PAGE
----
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Iran begins exporting excess heavy water to comply with nuclear deal

Iran has started to send heavy water to Oman to comply with the terms of its international nuclear deal. It was the second time Tehran had surpassed the 130-metric-ton threshold for heavy water.

Iran's ISNA news agency and two diplomats familiar with Iran's nuclear program reported that by Monday the country had transferred an amount of its surplus heavy water to its Gulf neighbor Oman for sale.

"In view of the progress of talks with several foreign firms and countries to purchase heavy water, some quantities of Iran's surplus production has been transferred to Oman," said Behrouz Kamalvandi, spokesman for Iran's Atomic Energy Organization, according to the Iranian Students' News Agency (ISNA).

The agency reported that Kamalvandi said more heavy water would be sent to Oman as talks with oversees buyers progressed. There has been no official confirmation of the report.

A recent report from the UN's International Atomic Energy Agency (IAEA) said that Tehran had 100 kilograms (220 pounds) more heavy water in storage than the 130 metric tons limit set under the terms of its agreement with six world powers: the US, Russia, China, Britain, France and Germany.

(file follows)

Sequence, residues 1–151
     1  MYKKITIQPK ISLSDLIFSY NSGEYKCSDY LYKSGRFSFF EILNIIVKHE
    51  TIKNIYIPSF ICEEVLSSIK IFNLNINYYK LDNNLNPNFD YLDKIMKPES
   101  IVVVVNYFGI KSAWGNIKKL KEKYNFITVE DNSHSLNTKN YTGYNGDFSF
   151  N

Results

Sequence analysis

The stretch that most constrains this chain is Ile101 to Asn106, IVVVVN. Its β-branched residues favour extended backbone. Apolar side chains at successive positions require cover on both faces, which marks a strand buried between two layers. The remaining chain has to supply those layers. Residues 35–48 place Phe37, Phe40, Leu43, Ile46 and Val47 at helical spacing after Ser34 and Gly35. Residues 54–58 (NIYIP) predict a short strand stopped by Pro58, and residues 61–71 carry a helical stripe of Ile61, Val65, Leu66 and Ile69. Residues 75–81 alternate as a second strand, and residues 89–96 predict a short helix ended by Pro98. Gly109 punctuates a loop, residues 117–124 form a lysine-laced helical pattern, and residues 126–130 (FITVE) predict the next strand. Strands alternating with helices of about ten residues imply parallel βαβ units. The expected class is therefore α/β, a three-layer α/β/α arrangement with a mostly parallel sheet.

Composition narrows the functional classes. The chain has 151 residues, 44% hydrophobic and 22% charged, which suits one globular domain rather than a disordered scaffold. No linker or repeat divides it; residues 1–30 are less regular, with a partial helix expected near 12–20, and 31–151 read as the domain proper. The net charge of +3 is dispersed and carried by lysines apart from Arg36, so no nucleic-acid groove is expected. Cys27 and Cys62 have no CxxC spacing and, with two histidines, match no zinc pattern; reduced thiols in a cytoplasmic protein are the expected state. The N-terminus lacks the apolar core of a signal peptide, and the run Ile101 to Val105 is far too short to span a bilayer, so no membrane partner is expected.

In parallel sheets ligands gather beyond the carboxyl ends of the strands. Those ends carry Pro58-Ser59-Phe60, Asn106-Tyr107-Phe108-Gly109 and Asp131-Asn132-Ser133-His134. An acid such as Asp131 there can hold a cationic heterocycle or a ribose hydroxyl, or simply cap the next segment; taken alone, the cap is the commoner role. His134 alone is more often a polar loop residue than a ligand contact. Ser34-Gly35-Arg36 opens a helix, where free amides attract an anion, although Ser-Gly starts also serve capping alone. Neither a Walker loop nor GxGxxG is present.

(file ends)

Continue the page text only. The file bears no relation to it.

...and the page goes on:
Heavy water can be used in the process to make atomic weapons. It is used to cool reactors that can produce substantial amounts of plutonium which can be applied to making the fissile core of nuclear warheads.

While the violation of the terms of the nuclear deal may have involved only a small amount of material, it is the second time that Iran has exceeded the limit since the agreement came into force in January.

The IAEA, which is the world's central intergovernmental forum for scientific and technical co-operation on nuclear issues, had issued a confidential report saying Iran had 130.1 tons of heavy water.

Trump urged to keep deal

US president-elect Donald Trump promised during the election campaign to "tear up" the landmark nuclear agreement, frequently describing it as the wrost deal ever. In response, Iranian leader Ayatollah Khamenei said recently that if Trump tore it up, "we will set fire to it."

The deal relaxed many economic sanctions on Iran in exchange for verifiable reductions in its nuclear programs. It was endorsed by the UN Security Council.

Last week, 76 US national-security experts from all sides of the political spectrum, urged Trump to keep the Iran deal. They argued that the nuclear agreement had reduced the threat of war in the Middle East.

"The deal proved that diplomacy with Iran can bear fruit despite skepticism about Iranian sincerity, the inclination of Iran's supreme leader to abide by the deal, or the ability of Iranian hard-liners to sabotage diplomacy," the National Iranian American Council stated.

The NIAC is a Washington group that has advocated improved relations with Iran. Those endorsing the statement included  Lawrence J. Korb, a former assistant defense secretary under President Ronald Reagan; Lawrence Wilkerson, chief of staff to former Secretary of State Colin Powell and Chas W. Freeman Jr., a former ambassador to Saudi Arabia.

"Trump may have been critical of the Iran deal during the campaign, but he will need the deal to remain intact to achieve his other stated goals," Trita Parsi, the president of the council, said.

The EU has also called on Trump to commit to the Iran nuclear deal. 

jm/kl (Reuters, AP)

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